Alright – so let’s talk business. Tell us about Need Media – what should we know?
My work in order of skill level starts with motion design, video and then photo. As a motion designer, people appreciate when I take their logos, text, and titles on screen and animate them with voice over, music and sound effects. For film and cinematography, I make an effort to integrate the cinematography that you might see in video games so my shooting style tends to be very dynamic and emphasizes camera movements to really make a viewer feel involved. And as far as photography, my background coming from video games once again, I try to make my shots feel like the viewer is looking at an imaginary and interactive world with bright colors and lights.
Outside of my viewpoint of the world as a video game, I try to incorporate my background in economics to better understand WHY people make decisions. Before starting any creative project, I ask my client who their target demographic is, what their inspiration is and what is the message and tone they want the viewer to feel. With that, try to incorporate a call-to-action with the content I create for people to feel inspired, educated or entertained in a way that is not simply flashy visuals put to some music. I believe context is important and economics plays into that because valuable video content comes down to understanding why people will engage with a video, photo or motion design piece.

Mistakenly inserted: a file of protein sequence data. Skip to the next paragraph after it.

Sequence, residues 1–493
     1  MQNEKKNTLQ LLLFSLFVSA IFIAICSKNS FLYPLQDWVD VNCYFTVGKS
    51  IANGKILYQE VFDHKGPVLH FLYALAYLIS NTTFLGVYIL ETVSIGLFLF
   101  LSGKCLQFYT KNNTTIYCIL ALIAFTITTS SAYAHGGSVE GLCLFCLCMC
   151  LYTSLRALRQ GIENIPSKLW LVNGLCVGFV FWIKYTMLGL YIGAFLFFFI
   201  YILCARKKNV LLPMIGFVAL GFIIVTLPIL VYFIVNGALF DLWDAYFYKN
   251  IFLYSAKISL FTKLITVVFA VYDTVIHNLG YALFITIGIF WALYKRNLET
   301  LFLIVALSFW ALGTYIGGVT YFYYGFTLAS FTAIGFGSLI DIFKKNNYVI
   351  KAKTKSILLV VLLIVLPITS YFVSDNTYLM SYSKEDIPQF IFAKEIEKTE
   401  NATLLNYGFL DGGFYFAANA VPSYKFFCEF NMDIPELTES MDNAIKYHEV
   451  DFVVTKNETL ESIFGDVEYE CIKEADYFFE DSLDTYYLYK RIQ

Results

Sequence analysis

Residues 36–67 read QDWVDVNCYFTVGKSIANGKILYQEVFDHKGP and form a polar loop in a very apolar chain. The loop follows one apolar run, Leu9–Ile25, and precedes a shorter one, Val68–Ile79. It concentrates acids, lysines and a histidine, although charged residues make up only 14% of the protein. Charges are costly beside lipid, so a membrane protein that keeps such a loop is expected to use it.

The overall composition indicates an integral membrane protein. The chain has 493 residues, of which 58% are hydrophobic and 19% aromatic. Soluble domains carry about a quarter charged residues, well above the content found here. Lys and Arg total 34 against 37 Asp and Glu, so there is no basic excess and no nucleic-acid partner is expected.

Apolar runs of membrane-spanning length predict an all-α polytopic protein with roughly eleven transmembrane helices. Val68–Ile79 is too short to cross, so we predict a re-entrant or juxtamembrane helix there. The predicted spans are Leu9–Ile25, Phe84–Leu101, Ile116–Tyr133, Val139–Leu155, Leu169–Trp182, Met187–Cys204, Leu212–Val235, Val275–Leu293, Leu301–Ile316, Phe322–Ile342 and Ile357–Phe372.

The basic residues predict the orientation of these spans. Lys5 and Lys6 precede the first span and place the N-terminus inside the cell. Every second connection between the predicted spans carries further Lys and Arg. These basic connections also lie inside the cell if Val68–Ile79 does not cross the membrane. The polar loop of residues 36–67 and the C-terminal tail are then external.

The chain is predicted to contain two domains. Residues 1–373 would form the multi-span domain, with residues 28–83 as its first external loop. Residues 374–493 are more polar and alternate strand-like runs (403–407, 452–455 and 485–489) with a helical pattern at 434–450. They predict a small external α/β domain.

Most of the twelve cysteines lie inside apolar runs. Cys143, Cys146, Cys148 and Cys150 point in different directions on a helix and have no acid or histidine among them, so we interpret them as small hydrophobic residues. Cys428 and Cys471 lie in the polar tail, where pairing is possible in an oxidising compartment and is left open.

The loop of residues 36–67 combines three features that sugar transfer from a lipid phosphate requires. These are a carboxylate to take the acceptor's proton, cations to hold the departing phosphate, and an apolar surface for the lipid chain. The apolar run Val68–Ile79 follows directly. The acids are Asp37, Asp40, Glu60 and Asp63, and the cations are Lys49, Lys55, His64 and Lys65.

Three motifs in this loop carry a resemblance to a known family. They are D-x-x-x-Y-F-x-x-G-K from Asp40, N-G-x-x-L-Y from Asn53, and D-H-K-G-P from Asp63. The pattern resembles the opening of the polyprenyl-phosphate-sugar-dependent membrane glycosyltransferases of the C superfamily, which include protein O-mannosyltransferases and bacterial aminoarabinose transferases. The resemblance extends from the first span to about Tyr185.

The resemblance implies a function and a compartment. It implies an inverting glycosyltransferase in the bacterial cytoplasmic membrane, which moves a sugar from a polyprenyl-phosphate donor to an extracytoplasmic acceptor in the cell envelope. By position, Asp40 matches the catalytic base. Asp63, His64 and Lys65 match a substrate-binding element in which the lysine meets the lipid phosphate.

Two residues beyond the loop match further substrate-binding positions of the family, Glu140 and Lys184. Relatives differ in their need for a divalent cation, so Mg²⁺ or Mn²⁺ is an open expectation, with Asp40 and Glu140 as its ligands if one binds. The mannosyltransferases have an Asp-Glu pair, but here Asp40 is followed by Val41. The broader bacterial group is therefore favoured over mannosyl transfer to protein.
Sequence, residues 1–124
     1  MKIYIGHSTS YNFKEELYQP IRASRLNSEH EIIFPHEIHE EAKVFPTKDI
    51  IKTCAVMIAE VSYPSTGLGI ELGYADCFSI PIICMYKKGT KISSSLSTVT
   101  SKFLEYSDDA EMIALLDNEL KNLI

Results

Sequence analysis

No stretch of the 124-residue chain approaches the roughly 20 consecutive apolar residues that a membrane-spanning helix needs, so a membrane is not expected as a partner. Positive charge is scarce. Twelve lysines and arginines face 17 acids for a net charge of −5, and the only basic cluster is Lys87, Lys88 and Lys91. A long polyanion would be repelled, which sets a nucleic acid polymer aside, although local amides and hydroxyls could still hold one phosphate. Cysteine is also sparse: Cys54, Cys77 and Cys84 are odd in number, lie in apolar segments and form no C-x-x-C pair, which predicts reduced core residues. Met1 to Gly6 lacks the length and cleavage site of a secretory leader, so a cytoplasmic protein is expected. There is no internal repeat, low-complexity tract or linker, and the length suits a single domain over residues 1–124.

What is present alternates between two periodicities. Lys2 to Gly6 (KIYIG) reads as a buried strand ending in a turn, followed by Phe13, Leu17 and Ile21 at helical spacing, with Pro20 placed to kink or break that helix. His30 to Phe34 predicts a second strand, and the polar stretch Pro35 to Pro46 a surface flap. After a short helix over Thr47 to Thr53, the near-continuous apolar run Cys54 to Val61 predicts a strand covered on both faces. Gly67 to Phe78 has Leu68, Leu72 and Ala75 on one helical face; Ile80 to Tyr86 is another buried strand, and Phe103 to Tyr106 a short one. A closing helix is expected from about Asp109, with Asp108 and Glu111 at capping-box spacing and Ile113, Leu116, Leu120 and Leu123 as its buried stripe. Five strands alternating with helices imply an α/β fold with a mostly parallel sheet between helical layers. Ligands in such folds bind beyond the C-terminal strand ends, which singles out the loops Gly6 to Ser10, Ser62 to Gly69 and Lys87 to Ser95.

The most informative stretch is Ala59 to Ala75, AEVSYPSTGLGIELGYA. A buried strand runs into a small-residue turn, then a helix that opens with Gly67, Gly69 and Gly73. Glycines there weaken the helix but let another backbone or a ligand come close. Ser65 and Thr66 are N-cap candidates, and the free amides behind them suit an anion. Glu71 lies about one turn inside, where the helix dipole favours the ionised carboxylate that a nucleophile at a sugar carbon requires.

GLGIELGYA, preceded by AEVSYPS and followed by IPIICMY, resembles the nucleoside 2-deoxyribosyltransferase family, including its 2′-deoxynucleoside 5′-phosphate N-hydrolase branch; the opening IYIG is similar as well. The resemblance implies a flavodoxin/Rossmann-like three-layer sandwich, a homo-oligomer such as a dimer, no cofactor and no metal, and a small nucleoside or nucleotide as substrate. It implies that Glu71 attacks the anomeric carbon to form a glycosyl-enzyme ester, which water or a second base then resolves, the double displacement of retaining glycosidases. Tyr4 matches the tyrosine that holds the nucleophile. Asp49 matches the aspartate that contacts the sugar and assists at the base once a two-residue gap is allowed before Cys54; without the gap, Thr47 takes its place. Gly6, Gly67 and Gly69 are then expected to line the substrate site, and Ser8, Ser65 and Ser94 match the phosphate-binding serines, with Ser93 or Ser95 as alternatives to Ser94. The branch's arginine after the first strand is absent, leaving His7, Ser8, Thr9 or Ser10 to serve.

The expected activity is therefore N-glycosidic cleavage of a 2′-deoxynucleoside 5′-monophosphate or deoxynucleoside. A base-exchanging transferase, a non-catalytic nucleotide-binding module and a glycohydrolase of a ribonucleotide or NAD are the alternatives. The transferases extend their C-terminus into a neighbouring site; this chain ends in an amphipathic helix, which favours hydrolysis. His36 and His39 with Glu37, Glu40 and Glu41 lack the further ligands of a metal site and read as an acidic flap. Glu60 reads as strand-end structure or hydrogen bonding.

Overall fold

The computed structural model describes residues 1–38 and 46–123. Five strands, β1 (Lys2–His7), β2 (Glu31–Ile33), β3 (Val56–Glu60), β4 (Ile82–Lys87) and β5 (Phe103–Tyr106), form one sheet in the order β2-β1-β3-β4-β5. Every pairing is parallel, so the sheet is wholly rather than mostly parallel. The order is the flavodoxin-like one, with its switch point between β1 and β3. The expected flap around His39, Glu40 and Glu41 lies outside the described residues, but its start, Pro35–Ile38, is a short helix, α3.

Is there a characteristic or quality that you feel is essential to success?
I had to ask a few friends to help me with this and a common theme I heard was that I’m disciplined, self-aware and stubborn.
I heard disciplined because my roommate described my habits as very goal-oriented. Basically, whenever I set my mind to a specific goal, I commit fully to it until the goal is realized. This pertains to my creative work and my health and fitness. Her best example was my adherence to my diet and training routine, where I eat pretty much the same chicken, broccoli and rice every day and allocate a lot of my free time to my powerlifting goals.
My sister described me as self-aware in the sense that I always try to be reflective on what I’ve accomplished or my current habits and how I can improve upon that. I feel that is an expression of my economic mind of emphasizing incremental growth over a long period.
My friend Lindsey described me as stubborn because I tend to power through uncomfortable or painful situations regardless of how I feel. This includes late-night projects, training on low calories, forcing visual effects and camera ideas to work after numerous rounds of trial and error. Essentially, she said I don’t give up easily.
- Website: www.jonjagsnee.com
- Email: email@example.com
- Instagram: @jonjagsnee
- Twitter: @jagsywagsy
Photo Credit goes to Lindsey Freeman (@lindseyfreewoman), Marcos Payan (@marcos_payan) and Audri Henderson (@audannson)